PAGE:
The iPhone photographer @misterver has built an audience on observing audiences. Anonymously handled, the Instagram account treats its 40k followers to a mishmash mosaic of local life, where unsuspecting people and patterns interplay in its pixelated purview of the islands.
Bystanders, from beachgoers to bridesmaids, are often found under this spectator’s gaze and routinely make for quirky and original compositions that are more focused on how throngs of people find their way to the beach rather than the beach itself.
In a technological age where everyone is equipped with a camera phone, this transfixed attention to the islands’ hustle and flow, and how it manufactures the destination itself, is refreshing.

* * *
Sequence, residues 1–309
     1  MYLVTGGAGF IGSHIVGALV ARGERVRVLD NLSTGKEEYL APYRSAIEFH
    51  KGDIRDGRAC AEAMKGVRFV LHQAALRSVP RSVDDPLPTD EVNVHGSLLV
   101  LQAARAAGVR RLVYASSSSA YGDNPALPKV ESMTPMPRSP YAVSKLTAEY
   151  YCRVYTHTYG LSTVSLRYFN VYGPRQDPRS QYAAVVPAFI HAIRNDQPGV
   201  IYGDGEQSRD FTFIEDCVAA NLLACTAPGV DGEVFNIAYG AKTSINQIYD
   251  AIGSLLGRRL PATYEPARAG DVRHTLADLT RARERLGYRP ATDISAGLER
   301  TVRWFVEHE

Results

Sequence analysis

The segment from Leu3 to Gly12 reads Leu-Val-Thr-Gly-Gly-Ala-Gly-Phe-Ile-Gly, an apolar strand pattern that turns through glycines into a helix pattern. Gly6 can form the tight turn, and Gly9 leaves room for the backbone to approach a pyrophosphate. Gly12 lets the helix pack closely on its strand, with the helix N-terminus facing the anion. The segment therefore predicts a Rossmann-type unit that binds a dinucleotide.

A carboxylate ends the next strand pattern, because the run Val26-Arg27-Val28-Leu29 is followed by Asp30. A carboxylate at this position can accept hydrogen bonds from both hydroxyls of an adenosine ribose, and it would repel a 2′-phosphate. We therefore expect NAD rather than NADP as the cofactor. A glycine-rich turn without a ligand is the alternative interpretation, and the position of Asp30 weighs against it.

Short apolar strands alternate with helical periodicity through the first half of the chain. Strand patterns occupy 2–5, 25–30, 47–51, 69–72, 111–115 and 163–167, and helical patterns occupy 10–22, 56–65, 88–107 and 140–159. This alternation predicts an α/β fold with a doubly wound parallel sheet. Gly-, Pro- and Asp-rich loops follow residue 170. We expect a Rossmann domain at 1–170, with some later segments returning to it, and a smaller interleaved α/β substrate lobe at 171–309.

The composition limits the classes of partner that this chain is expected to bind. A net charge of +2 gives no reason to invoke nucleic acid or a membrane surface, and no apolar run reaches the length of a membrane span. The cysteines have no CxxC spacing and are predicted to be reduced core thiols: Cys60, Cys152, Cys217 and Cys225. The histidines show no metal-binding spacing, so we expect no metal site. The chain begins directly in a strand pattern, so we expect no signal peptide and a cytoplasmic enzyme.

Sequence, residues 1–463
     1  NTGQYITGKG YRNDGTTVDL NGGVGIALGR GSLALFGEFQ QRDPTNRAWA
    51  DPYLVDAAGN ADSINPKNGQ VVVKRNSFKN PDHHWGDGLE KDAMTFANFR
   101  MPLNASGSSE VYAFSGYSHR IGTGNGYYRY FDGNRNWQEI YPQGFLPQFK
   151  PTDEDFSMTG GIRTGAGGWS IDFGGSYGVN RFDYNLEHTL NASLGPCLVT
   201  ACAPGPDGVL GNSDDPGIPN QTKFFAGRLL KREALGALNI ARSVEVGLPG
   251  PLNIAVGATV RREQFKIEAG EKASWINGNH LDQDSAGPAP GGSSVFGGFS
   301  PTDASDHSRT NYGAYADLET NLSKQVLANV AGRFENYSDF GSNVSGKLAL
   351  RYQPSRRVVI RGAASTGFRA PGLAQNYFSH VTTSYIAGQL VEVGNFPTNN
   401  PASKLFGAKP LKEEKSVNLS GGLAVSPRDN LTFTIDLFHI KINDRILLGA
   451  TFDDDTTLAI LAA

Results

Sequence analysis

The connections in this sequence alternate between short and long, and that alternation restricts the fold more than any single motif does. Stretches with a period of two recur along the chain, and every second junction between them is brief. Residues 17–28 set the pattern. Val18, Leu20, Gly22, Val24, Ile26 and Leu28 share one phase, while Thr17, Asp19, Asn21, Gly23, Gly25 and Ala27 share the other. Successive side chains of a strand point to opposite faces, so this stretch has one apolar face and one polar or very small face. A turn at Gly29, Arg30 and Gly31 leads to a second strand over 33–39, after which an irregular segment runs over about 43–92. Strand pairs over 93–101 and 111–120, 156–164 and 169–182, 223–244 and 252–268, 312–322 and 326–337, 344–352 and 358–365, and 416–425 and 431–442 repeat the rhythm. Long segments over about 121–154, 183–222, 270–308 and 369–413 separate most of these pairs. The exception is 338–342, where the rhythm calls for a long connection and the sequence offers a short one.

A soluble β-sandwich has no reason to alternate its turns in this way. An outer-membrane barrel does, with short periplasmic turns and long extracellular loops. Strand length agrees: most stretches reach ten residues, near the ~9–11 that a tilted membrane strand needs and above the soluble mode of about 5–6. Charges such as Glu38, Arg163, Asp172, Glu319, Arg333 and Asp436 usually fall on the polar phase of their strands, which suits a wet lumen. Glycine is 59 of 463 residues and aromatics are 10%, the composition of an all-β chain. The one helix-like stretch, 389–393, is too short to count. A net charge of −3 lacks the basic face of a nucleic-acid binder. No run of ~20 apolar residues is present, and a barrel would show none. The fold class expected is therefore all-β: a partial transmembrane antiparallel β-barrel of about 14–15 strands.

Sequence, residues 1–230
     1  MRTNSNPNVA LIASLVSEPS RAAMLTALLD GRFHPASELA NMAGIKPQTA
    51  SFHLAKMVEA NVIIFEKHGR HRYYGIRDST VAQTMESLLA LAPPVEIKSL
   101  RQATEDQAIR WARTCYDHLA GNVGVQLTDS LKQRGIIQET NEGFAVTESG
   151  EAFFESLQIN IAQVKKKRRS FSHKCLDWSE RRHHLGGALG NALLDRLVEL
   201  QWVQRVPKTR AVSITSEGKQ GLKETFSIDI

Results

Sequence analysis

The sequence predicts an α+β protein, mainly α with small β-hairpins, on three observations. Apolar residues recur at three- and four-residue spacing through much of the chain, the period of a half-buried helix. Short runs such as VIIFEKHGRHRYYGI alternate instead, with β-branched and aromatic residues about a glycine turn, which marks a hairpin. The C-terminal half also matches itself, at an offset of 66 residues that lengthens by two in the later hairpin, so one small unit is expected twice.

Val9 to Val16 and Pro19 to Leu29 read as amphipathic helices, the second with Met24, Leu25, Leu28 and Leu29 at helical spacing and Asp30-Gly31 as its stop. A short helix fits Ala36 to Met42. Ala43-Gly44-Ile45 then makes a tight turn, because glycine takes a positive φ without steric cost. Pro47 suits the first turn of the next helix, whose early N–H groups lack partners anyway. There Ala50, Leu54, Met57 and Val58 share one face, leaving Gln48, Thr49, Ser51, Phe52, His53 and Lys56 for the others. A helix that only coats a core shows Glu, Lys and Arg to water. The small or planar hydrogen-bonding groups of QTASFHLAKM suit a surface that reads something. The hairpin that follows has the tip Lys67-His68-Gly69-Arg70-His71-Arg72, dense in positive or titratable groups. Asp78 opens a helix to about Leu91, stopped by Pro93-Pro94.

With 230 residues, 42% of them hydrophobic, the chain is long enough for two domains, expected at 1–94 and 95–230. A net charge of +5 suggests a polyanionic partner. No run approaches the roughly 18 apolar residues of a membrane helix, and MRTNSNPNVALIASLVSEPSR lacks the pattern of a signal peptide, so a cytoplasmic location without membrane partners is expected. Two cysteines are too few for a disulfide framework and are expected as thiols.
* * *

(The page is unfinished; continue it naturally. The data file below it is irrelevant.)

Because, if we can speak candidly, the photos of Hawaiʻi that saturate social media are boring. Incredibly, gorgeously, immersively boring—the same summit ridge conquered, the same silhouetted palm trees burning through the days’ inevitable sunsets.
What is funnier, then, is that Waikīkī, real estate many are quick to scoff at for its sterilized “sameness,” is apparently rich with surprising scenarios of colors, textiles, and poses under @misterver’s discerning lens. In the following images, squarely set in the tourism capital of Hawaiʻi, @misterver snapshots both cater to and subvert one’s expectations.
— Matthew Dekneef